The final award of the evening was given to Richard Sands, chairman, president and CEO of Constellation Brands, which represents more than 200 labels in the beverage alcohol category—including 60 wine brands, from table wines up to superpremium labels such as Franciscan and Ravenswood. He is Wine Enthusiast's 2001 Man of the Year. "This award really belongs to the entire Constellation team," said Sands. He thanked his brother, Robert, group president, and division CEOs John Moramarco and Agustin Huneeus. Sands honored the memory of his father, Marvin, and recalled Marvin Sands's favorite quote, which was, in part: "What you do with enthusiasm will be successful."

—Tim Moriarty



Harry Waugh, the British wine merchant, writer, auctioneer, board member of Château Latour, and the man who practically introduced British connoisseurs to California wine in the 1960s, died last November 28, at the age of 97.

"To the end [Waugh] was slim, sprightly, alert, eyesight and hearing apparently impeccable," according to his obituary in The Times of London.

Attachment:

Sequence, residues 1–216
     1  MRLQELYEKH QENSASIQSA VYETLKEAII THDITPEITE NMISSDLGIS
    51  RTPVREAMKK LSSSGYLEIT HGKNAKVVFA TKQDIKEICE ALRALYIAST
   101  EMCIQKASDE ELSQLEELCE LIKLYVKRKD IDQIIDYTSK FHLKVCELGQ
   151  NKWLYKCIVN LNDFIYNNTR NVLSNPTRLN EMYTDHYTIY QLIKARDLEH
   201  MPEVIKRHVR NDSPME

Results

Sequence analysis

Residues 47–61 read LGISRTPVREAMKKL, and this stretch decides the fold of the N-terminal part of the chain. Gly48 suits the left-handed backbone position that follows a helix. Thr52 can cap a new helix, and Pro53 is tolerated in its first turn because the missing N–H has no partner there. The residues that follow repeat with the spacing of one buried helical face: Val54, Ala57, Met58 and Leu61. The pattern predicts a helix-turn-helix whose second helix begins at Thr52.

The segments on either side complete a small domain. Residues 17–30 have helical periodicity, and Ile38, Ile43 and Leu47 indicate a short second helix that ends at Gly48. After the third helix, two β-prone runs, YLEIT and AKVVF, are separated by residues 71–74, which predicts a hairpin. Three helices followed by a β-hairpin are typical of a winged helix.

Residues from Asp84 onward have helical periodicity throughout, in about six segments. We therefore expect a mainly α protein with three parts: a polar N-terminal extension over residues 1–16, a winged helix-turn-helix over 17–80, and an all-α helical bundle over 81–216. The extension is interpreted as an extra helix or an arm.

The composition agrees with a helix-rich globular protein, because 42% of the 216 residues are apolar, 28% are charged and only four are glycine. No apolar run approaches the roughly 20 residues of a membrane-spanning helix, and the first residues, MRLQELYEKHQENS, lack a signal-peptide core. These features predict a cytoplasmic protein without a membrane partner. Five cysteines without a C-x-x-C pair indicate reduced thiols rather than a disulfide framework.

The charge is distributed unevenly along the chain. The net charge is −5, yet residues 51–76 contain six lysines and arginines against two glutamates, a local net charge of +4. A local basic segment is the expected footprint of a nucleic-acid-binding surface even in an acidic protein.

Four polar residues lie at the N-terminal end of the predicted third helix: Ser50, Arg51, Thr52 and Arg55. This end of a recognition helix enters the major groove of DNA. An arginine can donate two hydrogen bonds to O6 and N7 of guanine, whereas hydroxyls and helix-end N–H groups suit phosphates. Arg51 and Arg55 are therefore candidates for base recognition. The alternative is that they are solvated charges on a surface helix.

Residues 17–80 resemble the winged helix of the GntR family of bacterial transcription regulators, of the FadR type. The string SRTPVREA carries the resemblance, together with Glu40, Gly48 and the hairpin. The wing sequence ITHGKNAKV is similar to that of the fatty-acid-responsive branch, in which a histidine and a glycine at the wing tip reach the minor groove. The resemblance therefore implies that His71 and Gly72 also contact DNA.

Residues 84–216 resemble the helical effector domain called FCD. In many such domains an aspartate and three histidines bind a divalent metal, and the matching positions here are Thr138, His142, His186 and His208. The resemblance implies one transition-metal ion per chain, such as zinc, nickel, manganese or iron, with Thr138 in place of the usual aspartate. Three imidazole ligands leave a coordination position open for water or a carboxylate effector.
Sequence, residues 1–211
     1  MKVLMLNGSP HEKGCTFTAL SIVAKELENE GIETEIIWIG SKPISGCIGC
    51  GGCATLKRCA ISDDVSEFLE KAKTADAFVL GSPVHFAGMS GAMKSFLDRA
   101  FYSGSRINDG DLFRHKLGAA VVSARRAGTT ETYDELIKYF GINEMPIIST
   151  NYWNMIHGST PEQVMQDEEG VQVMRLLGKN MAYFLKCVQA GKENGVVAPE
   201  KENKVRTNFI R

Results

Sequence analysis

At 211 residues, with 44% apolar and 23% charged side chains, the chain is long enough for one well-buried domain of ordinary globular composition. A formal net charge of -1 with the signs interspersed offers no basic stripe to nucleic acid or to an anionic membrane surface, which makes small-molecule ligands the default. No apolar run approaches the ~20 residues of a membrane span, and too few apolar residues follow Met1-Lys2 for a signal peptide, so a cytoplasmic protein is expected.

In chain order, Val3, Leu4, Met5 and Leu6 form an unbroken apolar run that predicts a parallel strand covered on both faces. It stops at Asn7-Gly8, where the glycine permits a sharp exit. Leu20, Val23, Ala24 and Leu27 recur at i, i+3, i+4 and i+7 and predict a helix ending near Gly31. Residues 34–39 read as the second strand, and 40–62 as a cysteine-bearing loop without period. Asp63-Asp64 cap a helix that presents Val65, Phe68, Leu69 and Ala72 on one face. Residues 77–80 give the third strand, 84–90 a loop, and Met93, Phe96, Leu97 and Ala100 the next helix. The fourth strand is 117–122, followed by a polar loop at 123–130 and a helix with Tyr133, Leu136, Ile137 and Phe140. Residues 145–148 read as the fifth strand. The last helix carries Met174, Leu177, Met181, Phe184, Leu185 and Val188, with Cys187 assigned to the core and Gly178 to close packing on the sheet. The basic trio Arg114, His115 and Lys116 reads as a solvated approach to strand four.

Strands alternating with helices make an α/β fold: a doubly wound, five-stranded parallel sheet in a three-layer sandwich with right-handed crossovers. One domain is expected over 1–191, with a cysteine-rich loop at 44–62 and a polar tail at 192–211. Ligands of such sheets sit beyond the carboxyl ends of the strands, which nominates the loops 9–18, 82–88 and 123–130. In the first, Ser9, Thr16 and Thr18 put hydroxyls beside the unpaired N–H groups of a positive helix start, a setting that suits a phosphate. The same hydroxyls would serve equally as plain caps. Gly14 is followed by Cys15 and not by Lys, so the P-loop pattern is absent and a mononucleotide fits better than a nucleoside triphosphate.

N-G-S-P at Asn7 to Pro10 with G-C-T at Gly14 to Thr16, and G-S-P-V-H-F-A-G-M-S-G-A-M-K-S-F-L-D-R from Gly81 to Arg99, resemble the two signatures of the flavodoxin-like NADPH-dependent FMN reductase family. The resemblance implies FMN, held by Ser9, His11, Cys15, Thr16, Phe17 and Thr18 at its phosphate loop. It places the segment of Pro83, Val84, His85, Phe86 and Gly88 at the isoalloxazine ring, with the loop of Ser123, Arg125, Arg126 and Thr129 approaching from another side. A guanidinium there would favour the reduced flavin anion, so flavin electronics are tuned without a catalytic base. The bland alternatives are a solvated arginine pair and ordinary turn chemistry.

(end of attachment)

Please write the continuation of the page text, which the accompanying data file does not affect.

Waugh was well known in California, which he first visited in the 1960s, and where he made friends with an emerging group of Northern California winemakers. His early contacts were with pioneers such as the McCreas of Stony Hill, Robert Mondavi, Joe Heitz and the Carpys of Freemark Abbey. By the late 1960s, Waugh had become a champion of California wine, arranging tastings in England whenever he could, sometimes to the bemusement of his friends, who considered California's wines no match for their European counterparts. But Waugh's eminence in England lent California wines a credibility they badly needed. "Before anyone else I know of, he supported [California] and was able to let the world know, here is something that was coming," recalls Robert Mondavi.